A wise person once said that you should never make predictions, especially about the future, so rather than guess what's going to happen next year, I'd rather focus on what's happened over recent months in the hope that the past is our best guide to the future. It's certainly been a year of two halves in Yorkshire the improvement in market activity we saw in 2009 continued until May's general election. The World Cup and the subsequent media frenzy about spending cuts took over and the market quietened significantly in the summer; the Spending Review put paid to any chances of the usual Autumn rally.
Demand is being suppressed by housebuyers job concerns and lenders who are taking an ultra-cautious view of the market. The stance of our banks and building societies is particularly frustrating as, having fuelled the housing bubble, they now seem to take no responsibility for breathing life back into it. However, in our view, 2010 was never going to be easy and if anything it has been slightly better than we expected, particularly in the last couple of months.
On a more positive note, the rental sector is incredibly buoyant, particularly in Leeds and York where there is strong demand from prospective tenants and in some cases rents have increased by up to 20% within the last 12 months. Consequently, returns for buy-to-let investors have grown significantly - in some cases yields are as high as 7% - as price falls have coincided with rising rents. Property investment is one area that lenders seem keen to support next year which will increase demand at the bottom end and produce a ripple effect into the rest of the market's not good news for aspiring first time buyers, but it will mean that house prices should stabilise and start to grow once again.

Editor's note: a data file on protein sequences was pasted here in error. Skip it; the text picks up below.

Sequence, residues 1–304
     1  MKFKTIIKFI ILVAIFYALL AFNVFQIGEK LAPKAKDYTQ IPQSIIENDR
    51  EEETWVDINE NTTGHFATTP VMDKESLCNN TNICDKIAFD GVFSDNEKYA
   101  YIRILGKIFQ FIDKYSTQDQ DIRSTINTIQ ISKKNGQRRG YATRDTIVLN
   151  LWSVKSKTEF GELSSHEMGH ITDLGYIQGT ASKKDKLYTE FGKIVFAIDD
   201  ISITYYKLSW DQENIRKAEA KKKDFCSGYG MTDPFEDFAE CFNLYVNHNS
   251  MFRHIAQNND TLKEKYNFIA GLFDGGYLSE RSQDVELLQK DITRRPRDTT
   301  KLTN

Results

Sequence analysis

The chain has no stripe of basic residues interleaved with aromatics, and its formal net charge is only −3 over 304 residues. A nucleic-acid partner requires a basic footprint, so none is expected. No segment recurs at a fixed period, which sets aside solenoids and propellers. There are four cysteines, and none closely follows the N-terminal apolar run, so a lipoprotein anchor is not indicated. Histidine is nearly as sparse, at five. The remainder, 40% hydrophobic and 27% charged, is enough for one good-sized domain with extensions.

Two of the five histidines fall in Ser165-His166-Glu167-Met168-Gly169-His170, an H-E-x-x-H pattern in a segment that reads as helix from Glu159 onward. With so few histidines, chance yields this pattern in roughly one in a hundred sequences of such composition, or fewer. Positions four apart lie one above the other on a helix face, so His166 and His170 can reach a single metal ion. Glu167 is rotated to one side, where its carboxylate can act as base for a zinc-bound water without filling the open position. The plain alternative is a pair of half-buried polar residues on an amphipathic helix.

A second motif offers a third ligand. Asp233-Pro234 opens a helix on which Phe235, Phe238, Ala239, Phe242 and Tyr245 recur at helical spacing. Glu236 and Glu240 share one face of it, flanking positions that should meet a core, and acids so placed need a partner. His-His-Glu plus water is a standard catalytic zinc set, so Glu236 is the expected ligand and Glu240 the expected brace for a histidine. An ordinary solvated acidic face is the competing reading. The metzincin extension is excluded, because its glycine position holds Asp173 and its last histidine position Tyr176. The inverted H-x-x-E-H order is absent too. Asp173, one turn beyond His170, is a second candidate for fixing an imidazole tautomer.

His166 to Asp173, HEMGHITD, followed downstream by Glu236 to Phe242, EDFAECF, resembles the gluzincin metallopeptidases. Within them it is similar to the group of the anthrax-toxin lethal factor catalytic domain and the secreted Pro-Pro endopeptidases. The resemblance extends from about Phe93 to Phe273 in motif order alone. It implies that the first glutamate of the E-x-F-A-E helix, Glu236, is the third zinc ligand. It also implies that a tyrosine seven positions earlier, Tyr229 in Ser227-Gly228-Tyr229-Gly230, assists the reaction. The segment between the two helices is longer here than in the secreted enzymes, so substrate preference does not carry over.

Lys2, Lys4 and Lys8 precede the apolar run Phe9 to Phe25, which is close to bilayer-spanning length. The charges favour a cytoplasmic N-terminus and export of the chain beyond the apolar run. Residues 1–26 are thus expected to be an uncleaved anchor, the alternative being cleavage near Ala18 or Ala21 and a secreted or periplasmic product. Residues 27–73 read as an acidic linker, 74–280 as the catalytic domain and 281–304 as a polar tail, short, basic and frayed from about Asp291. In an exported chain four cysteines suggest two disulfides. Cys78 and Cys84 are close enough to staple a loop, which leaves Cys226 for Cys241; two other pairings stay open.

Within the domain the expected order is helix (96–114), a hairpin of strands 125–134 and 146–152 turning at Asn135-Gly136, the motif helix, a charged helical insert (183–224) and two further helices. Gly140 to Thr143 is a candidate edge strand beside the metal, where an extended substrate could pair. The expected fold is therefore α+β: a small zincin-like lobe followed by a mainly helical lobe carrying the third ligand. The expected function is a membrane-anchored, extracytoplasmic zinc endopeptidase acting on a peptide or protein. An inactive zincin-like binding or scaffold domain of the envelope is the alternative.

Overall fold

The last 3 years are probably the toughest the housing market has experienced in the last 60, but we believe that the worst is behind us. You only need to look at the Sunday Times Rich List to see how many fortunes have been made from long-term property investments as for estate agency, we live in hope.